I agree with this Court’s decision to deny the petition for certiorari. Marek’s challenge is focused on the particular features of the specific cy pres settlement at issue. Grant­ing review of this case might not have afforded the Court an opportunity to address more fundamental concerns surrounding the use of such remedies in class action liti­gation, including when, if ever, such relief should be con­sidered; how to assess its fairness as a general matter; whether new entities may be established as part of such relief; if not, how existing entities should be selected; what the respective roles of the judge and parties are in shaping a cy pres remedy; how closely the goals of any enlisted organization must correspond to the interests of the class; and so on. This Court has not previously addressed any of these issues. Cy pres remedies, however, are a growing feature of class action settlements. See Redish, Julian, & Zyontz, Cy Pres Relief and the Pathologies of the Modern Class Action: A Normative and Empirical Analysis, 62 Fla. L. Rev. 617, 653–656 (2010). In a suitable case, this Court may need to clarify the limits on the use of such remedies.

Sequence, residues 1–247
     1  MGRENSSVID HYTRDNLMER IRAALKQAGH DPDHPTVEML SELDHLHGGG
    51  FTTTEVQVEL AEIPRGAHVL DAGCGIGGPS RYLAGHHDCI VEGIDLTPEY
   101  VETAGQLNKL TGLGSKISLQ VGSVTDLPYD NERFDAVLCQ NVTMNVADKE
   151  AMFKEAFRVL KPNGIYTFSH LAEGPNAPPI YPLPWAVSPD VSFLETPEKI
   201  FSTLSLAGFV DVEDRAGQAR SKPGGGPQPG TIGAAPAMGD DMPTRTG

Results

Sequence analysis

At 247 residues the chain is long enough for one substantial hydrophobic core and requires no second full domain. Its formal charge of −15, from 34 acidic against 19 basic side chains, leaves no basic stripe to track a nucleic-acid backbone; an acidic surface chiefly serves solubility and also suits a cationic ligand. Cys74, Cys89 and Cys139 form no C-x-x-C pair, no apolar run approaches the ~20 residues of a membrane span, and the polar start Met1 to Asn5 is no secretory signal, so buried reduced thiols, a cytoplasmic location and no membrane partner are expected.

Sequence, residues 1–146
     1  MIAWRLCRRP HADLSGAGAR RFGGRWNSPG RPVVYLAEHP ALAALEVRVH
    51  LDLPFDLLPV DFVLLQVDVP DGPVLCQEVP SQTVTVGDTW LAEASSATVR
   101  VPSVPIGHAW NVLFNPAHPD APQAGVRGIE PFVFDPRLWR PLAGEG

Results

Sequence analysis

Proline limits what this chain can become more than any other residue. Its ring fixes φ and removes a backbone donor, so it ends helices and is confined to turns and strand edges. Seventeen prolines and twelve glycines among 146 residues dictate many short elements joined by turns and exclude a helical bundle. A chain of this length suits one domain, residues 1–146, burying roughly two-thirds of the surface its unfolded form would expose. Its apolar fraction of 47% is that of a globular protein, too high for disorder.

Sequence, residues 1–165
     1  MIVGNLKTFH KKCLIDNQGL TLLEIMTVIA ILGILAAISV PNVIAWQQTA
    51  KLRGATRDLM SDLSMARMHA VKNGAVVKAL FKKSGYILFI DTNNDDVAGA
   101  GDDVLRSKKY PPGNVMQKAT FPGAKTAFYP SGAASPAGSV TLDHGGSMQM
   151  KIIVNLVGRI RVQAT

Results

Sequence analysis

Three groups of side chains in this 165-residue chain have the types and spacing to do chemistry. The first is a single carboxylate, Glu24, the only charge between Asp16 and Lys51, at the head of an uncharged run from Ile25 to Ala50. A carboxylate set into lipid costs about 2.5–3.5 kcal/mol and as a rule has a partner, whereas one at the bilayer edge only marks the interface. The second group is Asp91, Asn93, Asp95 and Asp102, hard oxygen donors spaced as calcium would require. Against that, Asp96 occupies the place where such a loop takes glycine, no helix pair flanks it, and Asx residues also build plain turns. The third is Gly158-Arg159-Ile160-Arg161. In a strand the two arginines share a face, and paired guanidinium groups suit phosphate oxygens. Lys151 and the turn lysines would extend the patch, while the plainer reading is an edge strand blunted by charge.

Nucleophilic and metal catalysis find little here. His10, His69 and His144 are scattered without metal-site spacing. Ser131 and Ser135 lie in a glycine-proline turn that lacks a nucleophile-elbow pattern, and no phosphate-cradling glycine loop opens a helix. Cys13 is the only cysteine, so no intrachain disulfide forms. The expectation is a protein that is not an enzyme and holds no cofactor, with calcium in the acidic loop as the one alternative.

This call to action (‘Send me a good case so we can put our imprimatur on the issue!’),  goes quite a ways away from merely umpiring for the people on different sides of an issue.

Roberts didn’t  ask Congress to step up to the plate, he asked instead for a suitable case so that the judiciary can perform a legislative function.

In a blog post back in 2009, the Drug and Device Law Blog — very much a defense oriented blog — raised the same issue in excoriating the concept of cy pres. They wrote:

Under our tripartite system of government, the legislature is supposed to make the laws and the executive to enforce them. Where is the law or regulation allowing, as a consequence of some legal violation, one private person’s money to be taken away and given to some other private person(s) whom the violator didn’t injure? There isn’t any. If there were, there’d be no need to resort to cy pres, because the statute or rule (assuming it were constitutional – which is a stretch) itself would provide the distribution scheme, not some vague notion of “equity.” The government can impose civil or criminal fines for conduct that’s illegal, without regard to causation or damages, but the money in those situations goes to the government as the sovereign enforcer of the laws.

But while they argued there shouldn’t be any such thing as cy pres, C.J. Roberts isn’t suggesting that it be abolished (though he is certainly open to it). What he asks is that the judiciary regulate them, hence his conclusion that the Supreme Court “may need to clarify the limits on the use of such remedies.”

And you will not find any mention in his statement suggesting that Congress resolve the matter.